Home Small business financing The “last mile” solution for a Brazilian favela born of a pandemic

The “last mile” solution for a Brazilian favela born of a pandemic


SAO PAULO – Workers in Brazil’s largest city unloaded a 40-inch air fryer, gaming chair and television from a truck and transported them to a small distribution center where they would soon be shipped to the neighboring houses.

Their fast shipping would be nothing special in most of Sao Paulo. But those items were intended for homes in Paraisopolis, one of the sprawling low-income neighborhoods known as the favelas that were largely left out of the global delivery revolution.

The packages have just started arriving there, thanks to a 21-year-old with glasses and a graduate in information technology.

Inspired by community distribution of food kits and donations during the pandemic, Giva Pereira founded a logistics startup to manage what retailers call ‘the last mile’ in her hardscrabble community, in which delivery drivers have been hesitant to enter.

Like others around the world, Brazilians quarantined during the pandemic have started shopping more online – not just food and pharmaceuticals, but electronics and household goods as well.

But residents of favelas who fill out order forms with their zip codes are often told that businesses don’t ship to their neighborhood.

Those who do manage to place orders may receive excuses rather than products: notes with questionable claims that they were not home at the time of delivery, or that their address was not located.

And indeed, identifying a specific house in the serpentine alleys is no easy task for a foreigner, especially in favelas as densely populated as Paraisopolis, which is home to nearly 100,000 people. Mapping apps offer little help and, further complicating matters, some areas are dominated by heavily armed drug traffickers.

While the Brazilian Postal Service delivers letters and bills to some streets in Paraisopolis, it often leaves them in shops, bars or collective mailboxes for residents to collect later – a system that does not work for many online shopping.

Even brick-and-mortar stores charge more for delivering appliances or furniture to favelas, or leaving shipments at transit points like residents’ associations.

Enter Pereira, 21, a resident of Paraisopolis who graduated from college last year and felt an opportunity. Favela Brasil XPress was born.

His fledgling company secured funding from a small, favela-focused lender, G10 Bank, and partnered with one of Brazil’s largest retailers, Lojas Americanas. He hired locals familiar with the twists and turns of Paraisopolis. They began deliveries in April using compact trucks and bicycles, and processed up to 1,300 packages per day.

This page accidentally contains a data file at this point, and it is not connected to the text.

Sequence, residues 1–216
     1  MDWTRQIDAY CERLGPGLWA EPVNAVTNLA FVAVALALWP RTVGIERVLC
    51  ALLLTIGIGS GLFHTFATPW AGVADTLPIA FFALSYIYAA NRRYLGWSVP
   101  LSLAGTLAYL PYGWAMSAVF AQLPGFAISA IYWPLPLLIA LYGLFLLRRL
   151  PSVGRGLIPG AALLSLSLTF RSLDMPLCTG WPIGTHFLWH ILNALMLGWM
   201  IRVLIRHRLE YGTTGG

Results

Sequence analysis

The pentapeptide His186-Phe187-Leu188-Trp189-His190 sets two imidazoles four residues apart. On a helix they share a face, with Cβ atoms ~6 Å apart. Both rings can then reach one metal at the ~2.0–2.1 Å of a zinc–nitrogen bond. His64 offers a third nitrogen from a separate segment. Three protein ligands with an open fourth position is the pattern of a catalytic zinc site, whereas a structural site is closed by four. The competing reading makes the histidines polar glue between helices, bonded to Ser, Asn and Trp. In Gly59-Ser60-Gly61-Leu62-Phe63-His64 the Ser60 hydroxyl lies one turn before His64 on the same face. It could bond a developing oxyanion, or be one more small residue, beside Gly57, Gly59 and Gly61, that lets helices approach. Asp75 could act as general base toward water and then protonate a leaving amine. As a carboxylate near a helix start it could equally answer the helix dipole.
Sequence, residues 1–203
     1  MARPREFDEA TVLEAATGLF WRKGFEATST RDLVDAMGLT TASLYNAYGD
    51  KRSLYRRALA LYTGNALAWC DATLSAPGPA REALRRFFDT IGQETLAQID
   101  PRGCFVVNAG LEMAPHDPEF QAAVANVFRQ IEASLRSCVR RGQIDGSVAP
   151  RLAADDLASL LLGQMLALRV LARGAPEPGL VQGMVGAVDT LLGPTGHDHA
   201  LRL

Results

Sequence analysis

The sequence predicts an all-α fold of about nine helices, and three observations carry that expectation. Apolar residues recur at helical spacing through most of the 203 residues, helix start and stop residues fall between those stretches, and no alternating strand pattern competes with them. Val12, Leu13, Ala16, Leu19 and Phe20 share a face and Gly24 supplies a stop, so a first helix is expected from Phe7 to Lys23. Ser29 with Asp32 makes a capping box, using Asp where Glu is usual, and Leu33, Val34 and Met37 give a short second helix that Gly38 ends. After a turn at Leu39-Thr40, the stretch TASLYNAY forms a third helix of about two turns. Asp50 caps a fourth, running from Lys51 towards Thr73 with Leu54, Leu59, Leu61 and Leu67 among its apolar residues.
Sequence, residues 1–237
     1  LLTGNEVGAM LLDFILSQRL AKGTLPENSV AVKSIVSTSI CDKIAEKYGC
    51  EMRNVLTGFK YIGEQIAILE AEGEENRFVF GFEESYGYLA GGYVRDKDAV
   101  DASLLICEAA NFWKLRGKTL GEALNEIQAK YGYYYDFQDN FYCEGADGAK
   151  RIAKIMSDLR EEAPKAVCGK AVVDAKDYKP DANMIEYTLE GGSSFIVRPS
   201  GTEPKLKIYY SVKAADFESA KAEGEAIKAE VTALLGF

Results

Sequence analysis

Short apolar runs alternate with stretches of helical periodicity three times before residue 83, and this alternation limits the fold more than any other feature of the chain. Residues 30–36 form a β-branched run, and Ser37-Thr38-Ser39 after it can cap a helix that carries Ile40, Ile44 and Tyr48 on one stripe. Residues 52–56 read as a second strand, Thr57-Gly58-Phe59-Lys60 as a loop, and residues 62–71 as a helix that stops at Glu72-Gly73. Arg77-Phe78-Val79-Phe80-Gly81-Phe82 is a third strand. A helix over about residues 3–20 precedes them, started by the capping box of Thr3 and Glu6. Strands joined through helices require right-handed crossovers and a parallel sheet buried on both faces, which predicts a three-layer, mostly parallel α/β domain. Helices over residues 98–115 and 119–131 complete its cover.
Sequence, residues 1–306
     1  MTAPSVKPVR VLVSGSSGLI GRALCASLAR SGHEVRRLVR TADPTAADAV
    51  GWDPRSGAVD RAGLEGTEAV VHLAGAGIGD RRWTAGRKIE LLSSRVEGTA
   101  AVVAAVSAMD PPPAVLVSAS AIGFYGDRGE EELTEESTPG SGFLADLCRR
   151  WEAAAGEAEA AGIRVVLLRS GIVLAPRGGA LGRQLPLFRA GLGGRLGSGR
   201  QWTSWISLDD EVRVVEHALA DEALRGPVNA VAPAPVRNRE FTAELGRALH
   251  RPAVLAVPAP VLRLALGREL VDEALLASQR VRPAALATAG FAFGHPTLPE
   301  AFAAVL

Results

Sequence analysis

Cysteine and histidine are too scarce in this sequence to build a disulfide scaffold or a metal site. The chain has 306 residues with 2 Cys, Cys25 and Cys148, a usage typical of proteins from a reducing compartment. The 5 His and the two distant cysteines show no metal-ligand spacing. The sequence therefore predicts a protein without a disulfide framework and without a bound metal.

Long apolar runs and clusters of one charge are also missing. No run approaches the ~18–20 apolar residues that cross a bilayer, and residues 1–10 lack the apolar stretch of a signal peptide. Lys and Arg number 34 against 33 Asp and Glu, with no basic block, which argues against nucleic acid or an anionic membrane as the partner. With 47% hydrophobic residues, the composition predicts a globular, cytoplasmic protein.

“It solves the problem of mapping and this problem of breaking down the barrier of prejudice among people or logistics companies, who should be delivering here indoors, but are not,” Pereira told The Associated Press. . “Bringing businesses from outside the favela into the favela totally breaks this paradigm that favelas only have bad things, and we show that it’s different. “

In the metropolitan region of Sao Paulo, more than 2 million people live in overcrowded favelas. Paraisopolis has long standing problems like water shortages and lack of basic sanitation, with open sewers in some isolated areas that have been recently populated. It is the home of waiters and housekeepers, builders and bus drivers.

There are also young people like Pereira, whose family left the poor northeastern state of Paraiba when he was 12, hoping for a better life.

“We came because of the difficulties we went through in Paraiba. We had some difficulties here too, ”said Pereira. He began to think of ways to help the favela.

His project is reminiscent of another one launched several years ago in Rio de Janeiro’s largest favela, Rocinha. Former enumerators mapped the hillside neighborhood and established a base to receive mail from the Postal Service. For a monthly fee, the company distributes letters and bills to residents, but they still have to collect the packages.

While Pereira’s delivery concept isn’t revolutionary, the level of organization, planning and logistics infrastructure is, said Theresa Williamson, executive director of a favela advocacy group, Catalytic Communities.

“Residents find creative ways to meet this need in many communities, but it’s never on the scale or the quality it needs to be, and it’s often informal,” said Williamson. Favela Brasil XPress “could pave the way for a model that can be followed across the country, building small businesses around it.”

Or, she said, it could show the government how to step in and meet the needs of the community.

At an event on Tuesday to commemorate the delivery of his company’s 100,000th package, Pereira looked jubilant, though a little surprised by the sudden success. He said the company has set up distribution bases in six other favelas, including Sao Paulo’s largest, Heliopolis. He also signed distribution contracts for other retailers.

Gilson Rodrigues, head of the Paraisopolis community and president of the bank whose loan got Pereira’s startup off the ground, said being able to receive a package at home after so many years of boxing is a feeling of freedom.

“They told us it wasn’t possible in a favela,” Rodrigues said. “This is an example, a slap in the face of society that excludes the favelas, which wants to see the favelas as needy, never so powerful. ___ David Biller reported from Rio de Janeiro.

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